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5 CHAPTER 2 FINDINGS LITERATURE SEARCH DP 97 was developed by the FHWA to facilitate tech- nology transfer of instrumentation-related research to the Information Sources highway industry. The objective was to promote at the state and local level the use of instrumentation, both existing and The literature search was completed by investigating as new technology, to measure and monitor scour at bridges. many sources of potential information as possible. This in- The demonstration project was presented over 30 times to cluded searching various computer literature databases, review nearly 1,000 people between 1996 and 1999. Attendees often of results from recent international scanning tours, assem- included inspectors and others responsible for field work, bly of relevant information obtained during the presentation including bridge scour measurements sometimes made with of DP 97, and review of various trade publications. unique and innovative equipment developed in house. To A search of various computer literature data bases did not identify and document such experience and knowledge, the identify many references on portable scour monitoring. Data- course evaluation forms from the various courses were bases searched included the following: reviewed and, in selected instances, requests for additional information or documentation were made to given states. The TRB TRIS, Trade publications, such as Ocean News and Sea Tech- The National Science Foundation, nology, also have articles and advertisements for specialized The American Geophysical Union Water Resources hydrographic survey equipment. Although most of this tech- Research, nologically may not be directly applicable to scour measure- The American Geophysical Union Earth and Space ments, because of size, complexity, or cost of the equipment, Index, these magazines were reviewed for potential ideas and equip- ASCE Publications, and ment sources. USGS Publications. Literature Review Findings Keywords used included instrumentation, scour, bridge scour, and scour monitoring. The most common source of As described by Mueller and Landers (4), any portable literature was various bridge scour symposiums held at scour measuring system includes four components: ASCE Water Resource Engineering Conferences from 1991 1. An instrument for making the measurement, to 1998. These papers have been consolidated into a single ref- 2. A system for deploying the instrument(s), erence, "Stream Stability and Scour at Highway Bridges" (3). 3. A method to identify and record the horizontal position The 1999 symposium is available through the conference of the measurement, and proceedings. 4. A data-storage device. Similarly, not much information was available from recent scanning tours. A 1998 Scanning Review of European Prac- The following sections describe the results of the literature tice for Bridge Scour and Stream Instability Countermeasures review for each of these four components. was undertaken primarily to review and document innovative techniques used to mitigate the effects of scour and stream sta- Instrument for Making the Measurement bility. This tour was organized under the auspices of FHWA's International Outreach Program by AASHTO through TRB. The results of the literature review identified a range of Although the focus of the tour was not scour measurement methods for making a scour depth measurement during a or instrumentation, results were reviewed in that context, flood. In general, these methods can be classified as follows: and several contacts made in Europe were revisited, by e-mail and telephone, to identify any potential portable scour instru- Physical probing, mentation techniques. Sonar,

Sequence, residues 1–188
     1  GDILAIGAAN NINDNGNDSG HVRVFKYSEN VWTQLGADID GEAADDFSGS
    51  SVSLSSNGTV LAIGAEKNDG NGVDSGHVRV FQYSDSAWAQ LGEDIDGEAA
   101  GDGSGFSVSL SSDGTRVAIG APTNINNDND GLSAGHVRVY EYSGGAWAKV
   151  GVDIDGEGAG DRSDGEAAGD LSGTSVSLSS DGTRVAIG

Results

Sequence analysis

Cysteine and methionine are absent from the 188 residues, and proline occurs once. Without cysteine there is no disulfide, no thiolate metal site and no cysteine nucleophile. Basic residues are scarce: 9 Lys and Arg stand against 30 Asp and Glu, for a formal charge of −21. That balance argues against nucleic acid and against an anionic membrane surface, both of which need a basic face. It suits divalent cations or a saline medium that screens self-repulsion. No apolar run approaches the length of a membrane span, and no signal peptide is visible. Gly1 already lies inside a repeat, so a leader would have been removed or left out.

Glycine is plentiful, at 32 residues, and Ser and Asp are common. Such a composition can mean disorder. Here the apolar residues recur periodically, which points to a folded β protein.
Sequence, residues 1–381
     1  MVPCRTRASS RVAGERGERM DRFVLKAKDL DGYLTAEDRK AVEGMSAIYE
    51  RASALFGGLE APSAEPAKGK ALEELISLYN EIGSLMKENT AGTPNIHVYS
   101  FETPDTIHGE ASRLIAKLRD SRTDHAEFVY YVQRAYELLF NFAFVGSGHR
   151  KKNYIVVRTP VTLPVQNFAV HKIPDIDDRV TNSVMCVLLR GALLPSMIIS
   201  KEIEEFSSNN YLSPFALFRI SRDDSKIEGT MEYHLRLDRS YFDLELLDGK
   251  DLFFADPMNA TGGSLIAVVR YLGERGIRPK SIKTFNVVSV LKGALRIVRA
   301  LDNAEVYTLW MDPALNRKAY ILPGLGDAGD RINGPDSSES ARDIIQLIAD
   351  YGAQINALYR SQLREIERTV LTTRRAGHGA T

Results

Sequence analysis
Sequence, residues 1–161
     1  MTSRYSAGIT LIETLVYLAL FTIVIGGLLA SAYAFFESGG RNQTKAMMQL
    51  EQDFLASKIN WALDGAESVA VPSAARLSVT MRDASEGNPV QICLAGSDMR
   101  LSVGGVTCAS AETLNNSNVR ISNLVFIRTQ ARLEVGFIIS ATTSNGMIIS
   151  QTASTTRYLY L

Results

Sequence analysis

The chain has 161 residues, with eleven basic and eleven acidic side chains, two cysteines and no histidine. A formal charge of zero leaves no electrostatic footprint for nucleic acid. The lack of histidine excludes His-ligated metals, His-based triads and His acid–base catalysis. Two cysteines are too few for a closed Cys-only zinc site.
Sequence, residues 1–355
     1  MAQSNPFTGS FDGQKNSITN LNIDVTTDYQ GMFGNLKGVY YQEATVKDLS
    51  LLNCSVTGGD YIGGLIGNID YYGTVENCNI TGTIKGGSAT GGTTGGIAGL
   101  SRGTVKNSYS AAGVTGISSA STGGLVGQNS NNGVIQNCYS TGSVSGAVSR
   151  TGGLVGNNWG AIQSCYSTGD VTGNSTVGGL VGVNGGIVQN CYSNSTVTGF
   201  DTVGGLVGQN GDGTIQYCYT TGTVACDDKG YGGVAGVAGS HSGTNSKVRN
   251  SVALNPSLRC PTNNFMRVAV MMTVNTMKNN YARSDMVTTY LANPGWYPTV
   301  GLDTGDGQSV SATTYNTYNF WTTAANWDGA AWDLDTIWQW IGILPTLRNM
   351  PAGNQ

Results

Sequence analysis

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6 Geophysical, and vide depth information. Multi-beam systems provide a fan- Other methods. shaped coverage similar to side scan, but output depths rather than images. Additionally, multi-beam systems are typically Physical Probes. Physical probes refer to any type of attached to the surface vessel, rather than being towed. Scan- device that extends the reach of the inspector, the most com- ning sonar works by rotation of the transducer assembly, or mon being sounding poles and sounding weights (1). Sound- sonar "head," emitting a beam while the head moves in an arc. ing poles are long poles used to probe the bottom. Sounding Because the scanning is accomplished by moving the trans- weights, sometimes referred to as lead lines, are typically a ducer, rather than towing, it can be used from a fixed, sta- torpedo-shaped weight suspended by a measurement cable. tionary position. Scanning sonar is often used as a forward- This category of device can be used from the bridge or from looking sonar for navigation, collision avoidance, and target a boat. An engineer diver with a probe bar is another example delineation. of physical probing. Physical probes only collect discrete data Mellor and Fisher (6) reported on the use of side scan sonar (not a continuous profile) and their use can be limited by at tidal bridges in North Carolina. Their study found good depth and velocity (e.g., during flood flow condition) or debris results with 100- and 500-kHz side scan imaging of large and/or ice accumulation. Physical probes are not affected by bridges, mapping significant areas both upstream and down- air entrainment or high sediment loads and can be effective in stream of the bridges that revealed areas of erosion, deposition, fast, shallow water. and paths of sediment transport. However, they expressed con- cern about collection of side scan data during storm events and Sonar. Sonar instruments (also called echo sounders, fath- commented on the laborious effort required to deploy and con- ometers, and acoustic depth sounders) measure the elapsed trol the towfish. time that an acoustic pulse takes to travel from a generating The Sonar Scour VisionTM system was developed by Amer- transducer to the channel bottom and back (1). Sonar is an ican Inland Divers, Inc (AIDI) using a rotating and sweeping acronym for SOund NAvigation and Ranging that was 675-Khz high-resolution sonar (7). The transducer is mounted developed largely during World War II. However, early sonar in a relatively large hydrodynamic submersible, or "fish," that systems were used during World War I to find both sub- creates a downward force adequate to submerge the transducer marines and icebergs and called ASDICs (named for the in velocities exceeding 20 fps (6 m/s). Given the forces created, Antisubmarine Detection Investigation Committee). As the fish must be suspended from a crane or boom truck on the technology has improved in recent years, better methods of bridge. From a single point of survey, the system can survey transmitting and receiving sonar and processing the signal up to 325 ft (100 m) radially. Data collected along the face of the bridge can be merged into a real-time 3-dimensional have developed, including the use of digital signal processing image with a range of 300 ft (90 m) both upstream and down- (DSP). The issues of transducer frequency (typically around stream of the bridge. 200 kHz) and beam width are important considerations in the A low-cost scanning sonar was recently developed by Inter- use of sonar for scour monitoring work. phase Technology, Inc. The Interphase TwinscopeTM uses a Applications of single-beam sonar range from "fish finders" phased array scanning technology to provide an affordable to precision survey-grade hydrographic survey fathometers. navigational sonar with the ability to look far forward and to This type of instrument has been widely used for bridge scour the sides of the vessel. investigations, particularly the use of low-cost fish-finder type sonar instruments. Based on work completed in part for the Geophysical. Surface geophysical instruments are based National Scour Study, Mueller and Landers (4) recommended on wave propagation and reflection measurements. A signal a low-cost echo sounder (preferably a paper chart, and if not, transmitted into the water is reflected back by interfaces a graphical display), and a tethered kneeboard to deploy the between materials with different physical properties. A pri- transducer for use in bridge inspection work. Their work also mary difference between sonar and geophysical techniques included development of a prototype remote-control boat for is that geophysical methods provide subbottom, while sonar unmanned data collection. In 1994, Schall et al. (5) reported can only "see" the water-soil interface and is not able to pen- on the use of a similar device based on a fish finder and several etrate the sediment layer. The main differences between different float designs for deploying the transducer, including a different geophysical techniques are the types of signals pontoon-style float and a foam board. transmitted and the physical property changes that cause Other types of sonar, such as side scan, multi-beam, and reflections. A seismic instrument uses acoustic signals, sim- scanning sonar, are specialized applications of basic sonar ilar to sonar, but at a lower frequency (typically 216 kHz). theory. Side scan sonar transmits a specially shaped acoustic Like sonar, seismic signals can be scattered by air bubbles and beam to either side of the support craft. These applications high sediment concentrations. A ground penetrating radar often deploy the transducer in a towfish, normally positioned (GPR) instrument uses electromagnetic signals (typically behind and below the surface vessel. Although side scan sonar 60300 mHz), and reflections are caused by interfaces between is one of the most accurate systems for imaging large areas materials with different electrical properties. In general, GPR of channel or ocean floor, most side scan systems do not pro- will penetrate resistive materials and not conductive materi-